You're also probably spending more time than ever trying to figure out how to offer competitive health benefits without doing significant damage to your bottom line. And, if you're like some of your competitors or peers, you're faced with an even tougher decision -- can you continue to offer health benefits at all next year?
It's no surprise that small business owners surveyed by the National Federation for Independent Business put the cost of health insurance at the top of their list of most critical problems. The Kaiser Family Foundation reports the number of small employers (companies with three to 199 employees) offering health coverage declined from 68 percent to 63 percent over the last three years. That means an additional 5 million workers are without health insurance.
Your company doesn't have to be part of that growing number. By applying some simple strategies, you can not only continue offering health benefits to your employees, you can do so in a way that's less disruptive to the financial health of your company.
When it comes to health coverage, one size does not fit all. Employees have different needs. Some want comprehensive coverage and are willing to pay for it. Others would rather pay less each month in exchange for a higher deductible before traditional PPO coverage kicks in. If you're funding full coverage for these employees, it may be more coverage than they need or want.
Some insurers will let small employers offer two, three or more health plans side-by-side. That way, employees choose the level of coverage that's right for them. You don't pay for more than your workers need, and more of your employees may elect health coverage -- all of which can help keep health benefits affordable.
Consumers are emerging as the most promising players to contain health care costs. For most consumers, economic realities remain hidden.
Many believe the total cost of a visit to the doctor's office is their $20 co-pay. But when people are spending a meaningful share of their own money and are given good information to do it wisely, they will be much better at controlling spending for themselves and for your company.
Consider plans that give consumers responsibility, such as those with a front-end spending account. As consumers spend the account on health care services, they have good reason to investigate the true costs of care and an incentive to make cost-conscious decisions.
Employers can use tax-advantaged spending accounts to help manage the cost of health benefits. Health Savings Accounts (HSAs) allow employees to save money for medical expenses and invest the account on a tax-deferred basis, with the employer, employee or both contributing to the account.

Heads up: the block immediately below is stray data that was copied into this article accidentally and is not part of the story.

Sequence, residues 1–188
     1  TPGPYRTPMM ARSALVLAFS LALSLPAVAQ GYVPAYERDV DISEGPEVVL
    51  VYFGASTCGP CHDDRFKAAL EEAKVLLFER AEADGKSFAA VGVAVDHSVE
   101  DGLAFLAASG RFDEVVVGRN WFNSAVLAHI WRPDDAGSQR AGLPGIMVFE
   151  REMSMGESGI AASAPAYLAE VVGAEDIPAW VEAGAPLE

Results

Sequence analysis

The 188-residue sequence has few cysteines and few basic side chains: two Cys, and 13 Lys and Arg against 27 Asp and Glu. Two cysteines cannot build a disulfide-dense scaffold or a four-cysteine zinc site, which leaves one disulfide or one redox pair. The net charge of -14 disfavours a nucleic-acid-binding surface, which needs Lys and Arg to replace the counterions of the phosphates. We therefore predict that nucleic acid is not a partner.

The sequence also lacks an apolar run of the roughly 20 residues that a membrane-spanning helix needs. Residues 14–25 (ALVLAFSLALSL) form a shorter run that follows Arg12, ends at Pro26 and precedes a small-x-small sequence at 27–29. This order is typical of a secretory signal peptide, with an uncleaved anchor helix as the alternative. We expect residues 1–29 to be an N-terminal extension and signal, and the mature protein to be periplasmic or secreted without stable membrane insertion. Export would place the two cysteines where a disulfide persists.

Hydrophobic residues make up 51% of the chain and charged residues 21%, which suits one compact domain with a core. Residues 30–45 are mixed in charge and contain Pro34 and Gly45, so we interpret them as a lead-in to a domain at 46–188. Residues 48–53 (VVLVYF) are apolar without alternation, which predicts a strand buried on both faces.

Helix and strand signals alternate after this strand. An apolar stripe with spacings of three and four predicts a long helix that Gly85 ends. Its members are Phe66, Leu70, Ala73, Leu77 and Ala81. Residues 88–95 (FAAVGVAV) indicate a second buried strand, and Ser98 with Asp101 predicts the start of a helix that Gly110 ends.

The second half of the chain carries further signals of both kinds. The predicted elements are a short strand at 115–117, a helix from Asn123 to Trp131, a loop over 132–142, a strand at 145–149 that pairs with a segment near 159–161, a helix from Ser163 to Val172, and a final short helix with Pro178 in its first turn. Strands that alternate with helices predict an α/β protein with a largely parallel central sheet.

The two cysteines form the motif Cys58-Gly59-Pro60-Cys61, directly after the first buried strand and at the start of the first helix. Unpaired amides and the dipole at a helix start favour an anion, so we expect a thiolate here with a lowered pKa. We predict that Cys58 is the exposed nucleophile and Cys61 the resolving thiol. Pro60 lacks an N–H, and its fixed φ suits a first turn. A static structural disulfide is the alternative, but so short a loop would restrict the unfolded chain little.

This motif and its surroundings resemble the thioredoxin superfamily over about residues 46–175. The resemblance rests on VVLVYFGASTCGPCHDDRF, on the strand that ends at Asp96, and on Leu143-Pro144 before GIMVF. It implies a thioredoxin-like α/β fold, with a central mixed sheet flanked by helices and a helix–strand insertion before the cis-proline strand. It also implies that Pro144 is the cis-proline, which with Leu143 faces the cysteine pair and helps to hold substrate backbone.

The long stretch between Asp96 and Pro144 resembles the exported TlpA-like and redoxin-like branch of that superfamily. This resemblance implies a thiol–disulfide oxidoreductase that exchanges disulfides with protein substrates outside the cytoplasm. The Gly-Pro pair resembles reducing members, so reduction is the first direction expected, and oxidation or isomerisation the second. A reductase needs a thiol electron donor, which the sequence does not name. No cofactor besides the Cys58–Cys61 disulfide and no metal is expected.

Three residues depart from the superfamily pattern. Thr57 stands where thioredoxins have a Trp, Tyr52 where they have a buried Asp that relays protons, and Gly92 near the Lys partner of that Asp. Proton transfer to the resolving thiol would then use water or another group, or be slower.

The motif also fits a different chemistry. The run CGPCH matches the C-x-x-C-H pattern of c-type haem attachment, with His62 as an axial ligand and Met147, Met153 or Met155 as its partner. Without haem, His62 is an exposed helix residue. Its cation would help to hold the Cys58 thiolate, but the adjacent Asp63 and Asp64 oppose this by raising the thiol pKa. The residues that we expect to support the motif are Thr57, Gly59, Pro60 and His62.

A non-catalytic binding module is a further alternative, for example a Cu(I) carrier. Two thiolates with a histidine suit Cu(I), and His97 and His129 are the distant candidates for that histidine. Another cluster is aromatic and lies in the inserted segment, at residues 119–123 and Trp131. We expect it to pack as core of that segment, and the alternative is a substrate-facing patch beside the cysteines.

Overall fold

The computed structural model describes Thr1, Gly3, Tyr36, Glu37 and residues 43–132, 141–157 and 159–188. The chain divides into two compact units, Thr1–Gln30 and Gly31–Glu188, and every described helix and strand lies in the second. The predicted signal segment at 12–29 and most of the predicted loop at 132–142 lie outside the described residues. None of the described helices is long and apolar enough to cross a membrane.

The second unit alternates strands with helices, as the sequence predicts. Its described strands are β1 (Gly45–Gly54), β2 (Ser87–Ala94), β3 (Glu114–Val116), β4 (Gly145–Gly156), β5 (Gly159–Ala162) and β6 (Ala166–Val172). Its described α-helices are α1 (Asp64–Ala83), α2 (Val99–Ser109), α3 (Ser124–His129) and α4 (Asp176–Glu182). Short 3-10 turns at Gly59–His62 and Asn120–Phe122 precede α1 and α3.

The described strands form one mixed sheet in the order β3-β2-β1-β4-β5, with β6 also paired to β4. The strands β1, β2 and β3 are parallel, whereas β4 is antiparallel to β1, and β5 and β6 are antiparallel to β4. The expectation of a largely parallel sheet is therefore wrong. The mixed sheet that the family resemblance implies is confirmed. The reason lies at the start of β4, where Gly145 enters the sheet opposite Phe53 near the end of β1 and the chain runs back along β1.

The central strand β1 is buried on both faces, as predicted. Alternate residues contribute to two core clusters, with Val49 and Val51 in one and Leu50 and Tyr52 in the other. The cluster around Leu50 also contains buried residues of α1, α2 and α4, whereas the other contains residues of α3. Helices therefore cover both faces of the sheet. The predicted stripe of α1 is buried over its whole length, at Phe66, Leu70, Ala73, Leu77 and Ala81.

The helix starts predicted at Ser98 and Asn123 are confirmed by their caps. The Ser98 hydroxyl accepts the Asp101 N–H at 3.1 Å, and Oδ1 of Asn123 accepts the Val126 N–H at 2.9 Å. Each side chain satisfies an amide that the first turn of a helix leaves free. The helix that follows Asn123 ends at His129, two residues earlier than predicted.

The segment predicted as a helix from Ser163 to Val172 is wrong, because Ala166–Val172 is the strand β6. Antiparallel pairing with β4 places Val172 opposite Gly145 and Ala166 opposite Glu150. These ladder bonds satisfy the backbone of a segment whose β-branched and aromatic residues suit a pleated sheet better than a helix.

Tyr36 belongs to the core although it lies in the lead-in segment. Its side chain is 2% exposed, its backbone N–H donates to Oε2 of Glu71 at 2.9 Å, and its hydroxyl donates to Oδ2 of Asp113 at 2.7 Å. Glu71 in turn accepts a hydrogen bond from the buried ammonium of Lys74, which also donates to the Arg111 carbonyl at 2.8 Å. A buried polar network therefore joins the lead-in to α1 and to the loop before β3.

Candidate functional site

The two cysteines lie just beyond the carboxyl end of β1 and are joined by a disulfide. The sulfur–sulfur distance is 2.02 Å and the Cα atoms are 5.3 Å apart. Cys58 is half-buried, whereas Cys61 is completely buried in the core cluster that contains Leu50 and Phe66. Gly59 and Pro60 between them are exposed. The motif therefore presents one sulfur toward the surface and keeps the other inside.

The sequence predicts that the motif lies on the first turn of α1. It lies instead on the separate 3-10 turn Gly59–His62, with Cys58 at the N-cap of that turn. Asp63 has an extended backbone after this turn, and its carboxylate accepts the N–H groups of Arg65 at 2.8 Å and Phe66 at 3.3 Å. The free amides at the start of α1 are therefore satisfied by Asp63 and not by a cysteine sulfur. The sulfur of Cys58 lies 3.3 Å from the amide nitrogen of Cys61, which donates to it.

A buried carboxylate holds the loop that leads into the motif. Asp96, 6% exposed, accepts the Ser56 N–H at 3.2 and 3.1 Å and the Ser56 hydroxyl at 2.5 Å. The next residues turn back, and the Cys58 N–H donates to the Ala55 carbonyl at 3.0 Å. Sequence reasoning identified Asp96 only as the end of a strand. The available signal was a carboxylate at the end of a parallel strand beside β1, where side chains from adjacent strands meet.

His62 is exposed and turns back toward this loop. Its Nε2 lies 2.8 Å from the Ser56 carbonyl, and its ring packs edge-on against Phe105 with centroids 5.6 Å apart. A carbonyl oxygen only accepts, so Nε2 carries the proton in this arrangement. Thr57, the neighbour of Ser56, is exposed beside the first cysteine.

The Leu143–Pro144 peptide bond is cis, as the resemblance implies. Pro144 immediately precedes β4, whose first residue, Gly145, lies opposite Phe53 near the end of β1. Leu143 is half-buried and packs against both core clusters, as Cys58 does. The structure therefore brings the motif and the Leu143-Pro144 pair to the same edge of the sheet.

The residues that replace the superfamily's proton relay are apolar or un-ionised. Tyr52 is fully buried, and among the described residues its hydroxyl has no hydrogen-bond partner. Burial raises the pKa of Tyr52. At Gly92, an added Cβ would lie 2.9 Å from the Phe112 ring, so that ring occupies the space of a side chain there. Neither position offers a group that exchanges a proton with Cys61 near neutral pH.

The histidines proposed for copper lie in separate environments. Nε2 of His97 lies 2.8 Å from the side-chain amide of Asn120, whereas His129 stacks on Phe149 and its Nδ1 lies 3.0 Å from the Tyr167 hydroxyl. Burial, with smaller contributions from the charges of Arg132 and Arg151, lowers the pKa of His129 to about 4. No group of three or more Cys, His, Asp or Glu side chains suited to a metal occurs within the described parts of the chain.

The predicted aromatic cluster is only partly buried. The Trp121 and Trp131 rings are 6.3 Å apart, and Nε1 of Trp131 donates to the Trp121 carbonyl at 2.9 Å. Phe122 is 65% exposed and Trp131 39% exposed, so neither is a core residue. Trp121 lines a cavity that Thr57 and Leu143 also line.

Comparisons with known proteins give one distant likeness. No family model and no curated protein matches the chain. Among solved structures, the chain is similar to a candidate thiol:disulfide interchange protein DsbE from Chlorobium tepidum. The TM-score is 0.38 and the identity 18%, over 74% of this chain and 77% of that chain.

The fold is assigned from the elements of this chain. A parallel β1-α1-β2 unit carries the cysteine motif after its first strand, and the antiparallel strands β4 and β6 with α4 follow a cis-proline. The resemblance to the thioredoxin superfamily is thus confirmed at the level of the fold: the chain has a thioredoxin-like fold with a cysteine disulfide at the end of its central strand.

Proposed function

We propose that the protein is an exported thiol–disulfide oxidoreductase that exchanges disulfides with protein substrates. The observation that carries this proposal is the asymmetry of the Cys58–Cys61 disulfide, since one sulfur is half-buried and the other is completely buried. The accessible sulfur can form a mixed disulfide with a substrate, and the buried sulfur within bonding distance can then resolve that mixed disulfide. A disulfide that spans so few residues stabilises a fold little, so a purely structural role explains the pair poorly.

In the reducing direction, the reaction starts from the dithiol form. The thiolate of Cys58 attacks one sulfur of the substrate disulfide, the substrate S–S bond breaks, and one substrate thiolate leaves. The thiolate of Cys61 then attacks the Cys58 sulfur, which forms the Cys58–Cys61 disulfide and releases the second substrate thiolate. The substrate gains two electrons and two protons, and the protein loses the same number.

HSAs are typically paired with a high-deductible health plan, offering premium savings, and HSAs are portable, so employees can take the account with them from job to job.
In a Health Reimbursement Arrangement (HRA), the employer contributes to a health care account on a pre-tax basis, and employees use the money to pay for qualified medical expenses. Employers can realize premium savings by combining the HRA with a high-deductible health plan, and employers need not fund the entire account at once, which helps cash flow. One challenge can be the administrative work in setting up the account, so look for an insurer that offers the HRA and health plan in one easy-to-administer package.
Lastly, employees can save pre-tax money for health expenses in a Flexible Spending Account (FSA). The downside of an FSA is that the account does not roll over from year-to-year, meaning employees must"use it or lose it.
Does your health plan offer clinical programs to help employees with chronic conditions? How about information and tools, such as online calculators to forecast out-of-pocket costs for health care services?
Does your health plan provide educational materials to help you explain to your employees the realities of today's health care environment? Forward-thinking health plans build such features into a comprehensive package.
Something else your employees will appreciate is a debit card to access spending account dollars. Swipe the card at the pharmacy or doctor's office to pay co-payments or other charges for health care services. No need to fill out lengthy forms to request reimbursement.
Having such a card can encourage more employees to take advantage of spending accounts such as HSAs, HRAs or FSAs. Some insurers combine the debit card with an insurance ID card.
No one should minimize the challenge when it comes to health benefits, but with some careful planning and sound strategies, manageable health benefits might be closer than you think.
Alan Guzzino is the president of Humana's Atlanta, North Carolina and South Carolina market health plan operations and is responsible for the management, strategic planning and growth of those markets. Guzzino, an eight-year veteran of Humana, currently serves on the board of the Georgia Association of Health Plans. Reach him at email@example.com.